Crab Pulsar B0531+21 – 6,500 light-years from Earth
Vela Pulsar PSR B0833-45 – 1,000 light-years from Earth
PRS B0329-45 – approximately 3,500 light-years from outside our Galaxy
Our closest star, the Sun – 8.2 light-minutes from Earth
– photo Pier Corona
Audience passing the speakers
Pulsars was performed in the Holywell Music Room at the Audiograft 17 Festival in Oxford. http://www.audiograft.co.uk/programme/thursday/
Holywell Music Room Floor Plan
Twelve performers holding small battery operated speakers were dispersed all around the auditorium, the multiple sound sources being amongst the audience. The performers were seated at first, but moved about in some sections of the piece, accentuating the spatial element of the work.
During the 20minute piece each speaker played had it’s own dedicated track of sound, like an orchestral part. The sounds emanated from the performers MP3 player, attached to the speaker.
Each star had a section of the piece where variations of mainly the same star could be heard. Different rhythmic pulses heard in the work corresponded to the rotations of different Pulsars. In the last section of the piece all the performers gathering together and walked out en masse, through the front door into the street
Better with headphones
– photo Pier Corona
One of 12 speakers dispersing the sound
A commissioned work for Audiograft 2017
photo Richie Smith – Sky
This is an excerpt – at the moment a thumbnail sketch- from a commissioned piece for Audiograft 2017 and currently a work in progress. This sound work will be a performance of recorded sound heard via multiple hand held speakers in amongst an audience. It will focus on sound from pulsars found in and outside our galaxy. Different rhythmic pulses heard in the work will correspond to the rotations of different pulsars. Jodrel Bank research describes a pulsar as,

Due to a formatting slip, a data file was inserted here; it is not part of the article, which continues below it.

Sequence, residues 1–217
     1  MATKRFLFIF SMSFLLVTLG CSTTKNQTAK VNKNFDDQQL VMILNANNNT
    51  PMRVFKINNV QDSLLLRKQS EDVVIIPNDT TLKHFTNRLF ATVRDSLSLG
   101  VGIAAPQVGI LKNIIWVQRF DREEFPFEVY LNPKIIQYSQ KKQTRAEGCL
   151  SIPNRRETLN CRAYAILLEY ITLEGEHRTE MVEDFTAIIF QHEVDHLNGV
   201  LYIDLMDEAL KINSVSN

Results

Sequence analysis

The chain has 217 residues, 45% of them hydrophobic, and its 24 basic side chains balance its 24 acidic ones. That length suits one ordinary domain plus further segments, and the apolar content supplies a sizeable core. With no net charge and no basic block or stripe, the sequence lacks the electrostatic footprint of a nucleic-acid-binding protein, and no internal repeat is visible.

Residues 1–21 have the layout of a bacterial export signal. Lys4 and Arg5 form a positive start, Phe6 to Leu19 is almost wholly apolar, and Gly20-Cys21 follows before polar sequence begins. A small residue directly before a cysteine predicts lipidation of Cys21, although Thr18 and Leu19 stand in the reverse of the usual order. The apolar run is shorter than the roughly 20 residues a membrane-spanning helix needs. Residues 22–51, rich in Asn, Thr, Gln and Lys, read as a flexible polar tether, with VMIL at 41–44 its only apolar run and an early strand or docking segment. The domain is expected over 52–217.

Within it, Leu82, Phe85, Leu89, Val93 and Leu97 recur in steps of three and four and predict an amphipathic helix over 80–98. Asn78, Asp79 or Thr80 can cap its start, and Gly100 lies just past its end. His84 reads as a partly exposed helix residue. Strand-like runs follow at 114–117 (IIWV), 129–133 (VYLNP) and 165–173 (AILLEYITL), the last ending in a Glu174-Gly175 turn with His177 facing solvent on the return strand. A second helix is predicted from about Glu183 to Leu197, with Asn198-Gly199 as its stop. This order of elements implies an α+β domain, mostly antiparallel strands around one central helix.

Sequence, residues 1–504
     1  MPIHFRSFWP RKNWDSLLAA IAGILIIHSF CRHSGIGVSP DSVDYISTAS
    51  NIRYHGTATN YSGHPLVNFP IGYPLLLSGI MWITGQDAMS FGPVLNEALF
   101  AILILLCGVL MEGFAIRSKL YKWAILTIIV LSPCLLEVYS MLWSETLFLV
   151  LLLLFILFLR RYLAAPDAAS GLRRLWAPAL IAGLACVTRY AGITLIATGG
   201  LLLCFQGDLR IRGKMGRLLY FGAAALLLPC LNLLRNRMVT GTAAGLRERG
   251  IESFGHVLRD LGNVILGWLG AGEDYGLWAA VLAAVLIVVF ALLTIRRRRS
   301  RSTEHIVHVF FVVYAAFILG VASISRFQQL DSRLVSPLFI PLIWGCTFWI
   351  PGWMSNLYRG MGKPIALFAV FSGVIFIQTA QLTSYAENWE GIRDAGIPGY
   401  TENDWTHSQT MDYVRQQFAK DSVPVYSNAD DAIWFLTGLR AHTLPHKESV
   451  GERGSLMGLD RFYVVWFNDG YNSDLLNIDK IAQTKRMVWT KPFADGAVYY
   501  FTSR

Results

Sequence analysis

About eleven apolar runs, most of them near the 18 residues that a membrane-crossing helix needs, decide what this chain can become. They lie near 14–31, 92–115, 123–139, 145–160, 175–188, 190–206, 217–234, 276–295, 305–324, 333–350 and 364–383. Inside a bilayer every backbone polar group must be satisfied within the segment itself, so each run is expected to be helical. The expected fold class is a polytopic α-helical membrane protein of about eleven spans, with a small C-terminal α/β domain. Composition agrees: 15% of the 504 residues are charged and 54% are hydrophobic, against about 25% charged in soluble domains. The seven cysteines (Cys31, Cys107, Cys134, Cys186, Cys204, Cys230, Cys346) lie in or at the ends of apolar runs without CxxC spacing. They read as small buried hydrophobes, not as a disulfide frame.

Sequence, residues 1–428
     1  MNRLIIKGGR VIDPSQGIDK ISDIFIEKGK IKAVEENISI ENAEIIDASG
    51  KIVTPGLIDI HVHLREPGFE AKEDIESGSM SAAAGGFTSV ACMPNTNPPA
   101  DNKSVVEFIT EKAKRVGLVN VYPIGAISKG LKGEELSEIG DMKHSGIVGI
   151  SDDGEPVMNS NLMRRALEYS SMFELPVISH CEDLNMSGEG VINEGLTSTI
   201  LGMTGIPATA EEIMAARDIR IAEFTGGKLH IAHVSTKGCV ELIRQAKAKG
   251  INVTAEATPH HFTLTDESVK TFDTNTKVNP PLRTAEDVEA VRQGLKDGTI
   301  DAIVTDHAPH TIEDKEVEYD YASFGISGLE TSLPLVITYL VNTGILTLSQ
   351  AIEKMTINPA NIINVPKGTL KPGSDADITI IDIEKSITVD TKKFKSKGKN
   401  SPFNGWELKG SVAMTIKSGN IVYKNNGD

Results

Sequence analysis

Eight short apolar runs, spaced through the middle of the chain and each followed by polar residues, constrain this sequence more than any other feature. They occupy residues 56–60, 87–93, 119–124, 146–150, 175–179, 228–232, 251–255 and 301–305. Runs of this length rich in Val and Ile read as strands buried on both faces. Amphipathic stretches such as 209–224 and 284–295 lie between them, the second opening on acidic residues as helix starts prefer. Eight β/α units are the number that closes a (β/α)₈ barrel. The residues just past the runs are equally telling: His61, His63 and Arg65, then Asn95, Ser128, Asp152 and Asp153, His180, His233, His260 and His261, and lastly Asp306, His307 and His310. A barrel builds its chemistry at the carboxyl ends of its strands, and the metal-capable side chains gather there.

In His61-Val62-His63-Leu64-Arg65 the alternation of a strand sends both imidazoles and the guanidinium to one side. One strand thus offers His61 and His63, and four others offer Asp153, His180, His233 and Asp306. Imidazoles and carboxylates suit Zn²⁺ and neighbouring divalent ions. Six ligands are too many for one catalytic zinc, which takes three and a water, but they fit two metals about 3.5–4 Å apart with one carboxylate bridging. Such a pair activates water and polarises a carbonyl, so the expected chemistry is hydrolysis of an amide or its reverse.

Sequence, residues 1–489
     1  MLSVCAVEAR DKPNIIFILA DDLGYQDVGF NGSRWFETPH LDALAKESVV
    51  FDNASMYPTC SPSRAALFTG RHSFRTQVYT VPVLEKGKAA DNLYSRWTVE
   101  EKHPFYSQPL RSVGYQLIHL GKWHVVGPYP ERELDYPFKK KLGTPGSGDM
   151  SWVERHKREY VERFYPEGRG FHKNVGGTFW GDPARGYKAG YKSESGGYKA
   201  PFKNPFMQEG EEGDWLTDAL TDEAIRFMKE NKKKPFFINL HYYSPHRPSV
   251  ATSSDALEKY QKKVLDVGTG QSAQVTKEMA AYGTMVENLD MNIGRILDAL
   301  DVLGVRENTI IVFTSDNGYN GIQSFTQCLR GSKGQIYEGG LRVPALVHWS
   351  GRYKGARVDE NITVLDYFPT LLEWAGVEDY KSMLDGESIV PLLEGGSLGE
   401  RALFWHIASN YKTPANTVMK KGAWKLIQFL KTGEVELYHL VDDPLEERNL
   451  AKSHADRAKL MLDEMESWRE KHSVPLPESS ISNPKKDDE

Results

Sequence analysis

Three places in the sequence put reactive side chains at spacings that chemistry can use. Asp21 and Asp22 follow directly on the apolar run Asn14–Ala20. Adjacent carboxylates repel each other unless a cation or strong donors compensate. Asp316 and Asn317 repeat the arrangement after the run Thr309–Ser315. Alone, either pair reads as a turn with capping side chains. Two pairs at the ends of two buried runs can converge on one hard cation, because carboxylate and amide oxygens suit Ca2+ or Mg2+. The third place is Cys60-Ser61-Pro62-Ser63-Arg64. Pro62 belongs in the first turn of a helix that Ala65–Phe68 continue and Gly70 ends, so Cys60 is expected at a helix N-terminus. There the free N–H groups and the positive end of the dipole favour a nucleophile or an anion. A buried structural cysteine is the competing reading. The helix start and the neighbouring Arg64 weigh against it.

‘ …a highly magnetized neutron star, with a radius of 10-15 km. Radiation is beamed out along the magnetic poles and pulses of radiation are received as the beam crosses the Earth.’
The distance between the listener and the original source creating the energy we eventually hear is extreme. Although the amount of light years varies for each different pulsar heard in the work, in the course of attempting to think about these distances our imagined landscape is extended, via the sound.
One of the pulsars heard in the work will be the Vela Pulsar.
‘Vela Pulsar -supernova remnant PSR B0833-45 is the debris of the explosion of a massive star about 10,000 years old.’
This piece progresses the work I have done in the practical research for my PhD where I sonified live streamed alpha muons (cosmic rays) to an attic in Bristol. (You Are Here – 2013 http://vimeo.com/111437221). The energy source of the alpha muons was estimated to be from the galaxy Centaurus A or NGC – 5182 and situated 11 million light years from earth.
photo Deborah Weinreb – Primal Performance
Here below is an excerpt from the sound track that accompanies Primal (2016) a short film by Vicky Smith. The film is distributed by CMIR and has also been performed with live sound track at the Edinburgh Film Festival 2016 and Visions in the Nunnery Festival at Bow Arts London 2016 amongst others.
As an immersive photochemical and sonic experimental performance, the sounds from the cello played with different materials, i.e. paper plastic and tin, go hand in hand with the analogue nature of the filmmaker’s process – physically marking the 16mm film stock.
Also in the audio track are pre recorded subterranean sounds played from a laptop. The sounds, recorded with a basic pick up and metal sheeting clamped to bedrock, are in synthesis with the visual elemental energies and ‘primal’ intentions of the film.
This excerpt is from the end of the film PLAY IT LOUD!